Posts: 348
Location: Portland, OR
A great story...and so many have similar experiences growing up using Mitchells. It's no wonder, at over 13M and spanning four decades, its the most produced spinning reel model ever. Below is my early second version...Probably later forties...note the factory Rosewood handle grip. Of course this was before Charles Garcia (exclusive importer to the US) named it the '300'.

Sandman



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Post 18 Feb 2022, 19:03 • #9 
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Joined: 12/05/06
Posts: 1835
Location: US-PA
WOW!!

I have a really nice half bail Mitchell circa 1946-47 with a blued handle that I got for peanuts on the Bay. I also have a two NOS handles if I want pristine.

I pair it with a 1947 Orvis 7'0" spinning rod with a folding first guide that was restored by Orvis about 10 years ago, I also have a sweet Altex to use with it if I choose.


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Post 19 Feb 2022, 01:41 • #10 
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Joined: 04/20/17
Posts: 348
Location: Portland, OR
Those aluminum grips had a tendency to patina blue…not sure of the metallurgic reason…I imagine yours has a boomerang A/R vs the round knob…

Sounds like a cool Orvis rod to pair it with…that’s a head turning combo.

Sandman


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Post 19 Feb 2022, 06:22 • #11 
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Joined: 12/05/06
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Location: US-PA
The knobs are a deep blue, sort of the color of the later 408's and glossy when unused.

I guess they are not "blued" in the true sense, maybe they are anodized but I am pretty sure it's not a patina because I have seen them in various levels of condition. Regardless of how much "bluing" is left on the handle it still appears in the groves making me believe it was an applied finish that wore off.

Yes mine does have a boomerang A/R but no serial number. It is a really nice example in close to mint condition.


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Post 23 Feb 2022, 15:44 • #12 
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Joined: 04/20/17
Posts: 348
Location: Portland, OR
Bamboozle, the bluing I thought you were referring to was when the black aluminum knobs turned bluish from wear. See photo below. Not sure why they do this. Aluminum knobs first showed up in the last first version Mitchell's. I've seen a red anodized knob as produced in very small quantities in early third versions which indicated the "new" cross-wind gearing (vs level wind), but I've never seen a blue factory knob. Would be great to see photos, if you can. The last photo is a near mint late first version, just for fun.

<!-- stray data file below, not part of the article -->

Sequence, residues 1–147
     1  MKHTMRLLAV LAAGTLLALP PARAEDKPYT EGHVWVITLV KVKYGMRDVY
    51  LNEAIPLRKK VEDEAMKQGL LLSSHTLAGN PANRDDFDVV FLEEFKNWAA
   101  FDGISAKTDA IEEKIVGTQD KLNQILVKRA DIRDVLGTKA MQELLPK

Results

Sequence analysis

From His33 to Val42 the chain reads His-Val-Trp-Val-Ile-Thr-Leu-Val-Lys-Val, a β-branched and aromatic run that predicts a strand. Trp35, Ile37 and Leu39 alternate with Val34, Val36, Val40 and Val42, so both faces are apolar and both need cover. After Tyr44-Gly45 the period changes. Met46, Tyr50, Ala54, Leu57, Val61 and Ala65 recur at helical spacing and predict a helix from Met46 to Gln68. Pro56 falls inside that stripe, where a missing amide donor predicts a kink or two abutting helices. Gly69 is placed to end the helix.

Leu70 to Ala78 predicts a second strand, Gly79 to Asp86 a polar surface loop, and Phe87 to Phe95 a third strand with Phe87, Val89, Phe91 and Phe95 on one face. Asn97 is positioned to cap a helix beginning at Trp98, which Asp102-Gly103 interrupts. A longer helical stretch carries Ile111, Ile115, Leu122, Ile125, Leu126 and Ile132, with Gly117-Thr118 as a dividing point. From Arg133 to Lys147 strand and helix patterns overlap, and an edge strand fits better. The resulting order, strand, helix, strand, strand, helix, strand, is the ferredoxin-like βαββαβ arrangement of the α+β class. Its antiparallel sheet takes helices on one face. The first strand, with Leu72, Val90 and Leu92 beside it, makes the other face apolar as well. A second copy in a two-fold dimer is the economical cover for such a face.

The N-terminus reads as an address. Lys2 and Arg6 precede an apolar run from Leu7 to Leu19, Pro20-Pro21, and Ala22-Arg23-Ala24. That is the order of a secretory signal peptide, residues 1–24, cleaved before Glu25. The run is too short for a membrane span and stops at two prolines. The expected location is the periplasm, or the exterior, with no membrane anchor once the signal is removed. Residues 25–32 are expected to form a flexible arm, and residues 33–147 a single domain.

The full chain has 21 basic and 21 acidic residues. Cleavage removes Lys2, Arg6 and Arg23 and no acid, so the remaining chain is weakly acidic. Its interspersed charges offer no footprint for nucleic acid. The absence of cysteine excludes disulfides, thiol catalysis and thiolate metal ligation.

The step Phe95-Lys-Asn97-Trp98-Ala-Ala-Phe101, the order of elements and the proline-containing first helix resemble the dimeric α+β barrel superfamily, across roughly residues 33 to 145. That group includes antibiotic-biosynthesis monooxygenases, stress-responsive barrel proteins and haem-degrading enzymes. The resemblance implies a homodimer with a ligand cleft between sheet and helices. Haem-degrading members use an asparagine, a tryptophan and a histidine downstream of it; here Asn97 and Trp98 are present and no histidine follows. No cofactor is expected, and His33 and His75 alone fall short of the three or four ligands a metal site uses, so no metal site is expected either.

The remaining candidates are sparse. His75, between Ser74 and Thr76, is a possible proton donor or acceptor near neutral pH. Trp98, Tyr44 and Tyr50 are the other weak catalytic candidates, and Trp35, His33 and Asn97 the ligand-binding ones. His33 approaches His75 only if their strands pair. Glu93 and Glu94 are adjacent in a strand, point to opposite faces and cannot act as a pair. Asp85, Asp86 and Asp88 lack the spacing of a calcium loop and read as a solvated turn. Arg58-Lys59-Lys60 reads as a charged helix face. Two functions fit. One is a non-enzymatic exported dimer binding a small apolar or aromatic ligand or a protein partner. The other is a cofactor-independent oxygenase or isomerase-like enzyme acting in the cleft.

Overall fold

Sandman





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Post 25 Feb 2022, 11:21 • #13 
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Joined: 12/05/06
Posts: 1835
Location: US-PA
Yes, That's what I am referring to. They looked like a deep blue to me but maybe I'm a little colorblind. ;)

The reel I own came with a handle that is in similar condition to the handle in the upper photo (with notch). I score a pair of NOS handles on eBay to have as spares or replacements if ever decide to chase down another reel with a less than desirable handle.

I have to look at them again under magnification to see what the color really is.


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Post 25 Feb 2022, 12:10 • #14 
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Joined: 08/10/05
Posts: 18066
Location: downtown Bulverde, Texas
old type 1 anodizing turns blue because it is very thin - literally a few atomic layers.
It wears, but it even slowly evaporates.
Nothing at all like modern hard-anodizing.

this handle grasp began just as black

Image


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Post 25 Feb 2022, 15:35 • #15 
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Joined: 04/20/17
Posts: 348
Location: Portland, OR
BD, thanks for the info on the early anodizing...makes sense...

Bamboozle...you don't see many NOS aluminum grasps.

Some close ups of the early and rare Rosewood grasp and the black anodized grasp. The same Rosewood grasps were also factory on early CAP (predecessor to 304) reels.

Sandman





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Post 28 Feb 2022, 11:41 • #16 
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Joined: 08/10/05
Posts: 18066
Location: downtown Bulverde, Texas
most of the early applications with wood handle grasps were Fail, because of bad choice of wood, with swelling and splitting reaction to water exposure.
They eventually found hard-enough woods that held up well to water exposure.
Here's one dense piece of wood on 1937 Luxor
Image